So she's going to raise that bar higher and hope for more.  The Matron is going to work hard for that little book, even if it takes her out of the kitchen and the comfort zone.   Starting with:  if you have a blog and your'e reading this one, consider a Matronly guest post?  She's happy to come into your zone and pimp her book tell the sparkly, uplifting story of one son who published his mother's book.    If you're willing to host a guest or blog about the book yourself, let her know at mpetrie33 at gmail.





Thursday, July 10, 2014

The Matron Has News

Gentle Readers --

The Matron was just about to hoist up her support hose and roll that wheelchair into The Home.   Then something happened.

This.




For quite some time, those dots connecting one Mary Petrie  with one Minnesota Matron have been flashing a neon, 1970s green:  she is here!  She is here!  She is here!    The Matron understands that it is indeed possible to keep one's identity more or less under wraps, but she was just never quite that careful.

Now she's just tossing the cat out of the bag.  Go.

But while they may be one and the same, Mary does not have permission to write on this blog:  the Matron lays claim to this creative space.   And one dutiful reader has put in a request. .. that yours truly reflect on -- no wait, make sense of, recent Supreme Court maneuvers.

It would appear that the Matron has a book to promote and a feminist health-care, human rights puzzle to unpack.    The latter would also involve understanding playground politics that we might call the Supreme Court.   Who's ball is it, anyway?    More on that later.

In the meantime, gentle reader, please know that the Matron has been wrung out.  Spent.  She has wept with joy and gratitude over her oldest.     And continues to do so.  That young man inquires about book sales daily.  He comes up with new marketing strategies.  Wonders how his mother is feeling.  Says things like "you deserve all the good things that come to you, Mom."

The Matron, who has not been slipping benzos into his soup, remains a limp loving Mama-noodle.  She is happy to wait on that young man child until he heads off to college.

Of course, the young children claim their gift-giving lives -- among other things - have been utterly ruined.   "Not to be outdone" is a phrase that now gives each pause.   Really?  How to outdo making a dream come true?   Merrick is working on it but it involves a dog, gun and stick.  The Matron is dubious.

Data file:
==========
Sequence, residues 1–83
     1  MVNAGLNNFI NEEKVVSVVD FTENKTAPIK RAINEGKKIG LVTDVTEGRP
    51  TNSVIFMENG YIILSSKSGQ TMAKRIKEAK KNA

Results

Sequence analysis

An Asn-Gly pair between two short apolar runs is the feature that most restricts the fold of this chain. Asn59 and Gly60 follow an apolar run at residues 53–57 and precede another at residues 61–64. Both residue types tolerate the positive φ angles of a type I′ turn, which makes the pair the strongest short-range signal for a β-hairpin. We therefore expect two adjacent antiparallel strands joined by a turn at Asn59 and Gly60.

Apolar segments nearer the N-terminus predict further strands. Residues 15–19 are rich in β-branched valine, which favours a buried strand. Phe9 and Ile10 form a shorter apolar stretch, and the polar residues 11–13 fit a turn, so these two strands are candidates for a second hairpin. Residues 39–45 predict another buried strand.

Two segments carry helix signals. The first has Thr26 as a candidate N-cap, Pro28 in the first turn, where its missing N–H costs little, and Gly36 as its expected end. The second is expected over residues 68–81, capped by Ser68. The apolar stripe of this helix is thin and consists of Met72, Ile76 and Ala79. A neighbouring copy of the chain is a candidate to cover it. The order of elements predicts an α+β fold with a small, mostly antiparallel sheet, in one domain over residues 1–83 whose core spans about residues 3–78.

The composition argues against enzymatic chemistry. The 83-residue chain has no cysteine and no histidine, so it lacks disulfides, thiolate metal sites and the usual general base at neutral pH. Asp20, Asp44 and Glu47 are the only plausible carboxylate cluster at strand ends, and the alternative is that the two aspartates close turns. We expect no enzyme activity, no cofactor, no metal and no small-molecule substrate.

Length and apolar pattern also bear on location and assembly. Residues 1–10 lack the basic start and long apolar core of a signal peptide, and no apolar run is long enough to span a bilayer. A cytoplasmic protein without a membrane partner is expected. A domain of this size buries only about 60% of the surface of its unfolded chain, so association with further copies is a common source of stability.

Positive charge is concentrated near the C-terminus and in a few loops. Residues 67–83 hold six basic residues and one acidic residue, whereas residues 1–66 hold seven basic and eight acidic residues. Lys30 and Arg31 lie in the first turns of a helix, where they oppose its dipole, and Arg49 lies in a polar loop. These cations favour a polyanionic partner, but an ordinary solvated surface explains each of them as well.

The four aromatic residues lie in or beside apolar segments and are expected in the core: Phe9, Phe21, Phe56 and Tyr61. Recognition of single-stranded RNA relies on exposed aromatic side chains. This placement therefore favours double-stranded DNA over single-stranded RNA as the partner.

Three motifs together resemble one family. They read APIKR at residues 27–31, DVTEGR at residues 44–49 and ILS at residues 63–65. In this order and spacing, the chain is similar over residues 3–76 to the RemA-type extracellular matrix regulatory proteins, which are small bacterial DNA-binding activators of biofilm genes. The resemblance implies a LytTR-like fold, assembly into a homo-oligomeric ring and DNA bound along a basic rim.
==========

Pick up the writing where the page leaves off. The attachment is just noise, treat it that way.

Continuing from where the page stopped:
All will unfold and she will dutifully report here.  In the meantime. . . . tell her you don't hate it after you read it.  Buy the book!   That was Kindle.  Here is old-fashioned print.




Friday, April 4, 2014

When All Else Fails, Laundry Metaphor

Yes -- the blog was lost in life's rinse cycle.   The Matron actually forgot that she had an online life, so out of breath was she, keeping up with the calendar.

But now, she reminds herself that when she returned to the blog, she relieved herself from narrative perfection.  In other words, sometimes it might be okay to just ramble or vent - instead of perfected prose.

The reasons last week was a bust?

First:  three children in three different schools.  That would be enough to fell any parent, all that driving and scheduling.  But in this household, it meant two children on Spring Break.   Ah!  Spring Break in Minnesota!!   This basically was all about 20 degrees and an equal amount of snow.   Today?   10 inches.      So the Matron is navigating the psychological terrain of the high school senior on a 'vacation,' which meant for him boatloads of homework and as many job hours as possible; she is trying to entertain an 11 year old whose best friends are all on holiday somewhere warmer; she continues to rise at 5:30 am with the 15 year old whose break doesn't align; and she still has that pesky full-time job (er, 'career').

Financial aid packages arrived this week for the eldest.  Look for more upcoming in College Chronicles, but in sum, it means hard, hard and painful choices.  The Matron has baked a lot of cookies.

Wednesday, a cement truck tied itself to the Matron's limbs.  Somewhere, the Universe said:  let's give up, honey. Rest.    There is nothing like the bona fide, horrific flu to make a person appreciate waking up in the morning.  Yours truly might be on the tail end.  This is day three.  There is no fever but that pesky cement truck remains anchored.    At the moment, she is mindlessly watching Captain Phillips with Merrick and dear husband, a hint of the future to come (older two out, out, out, and living their own lives).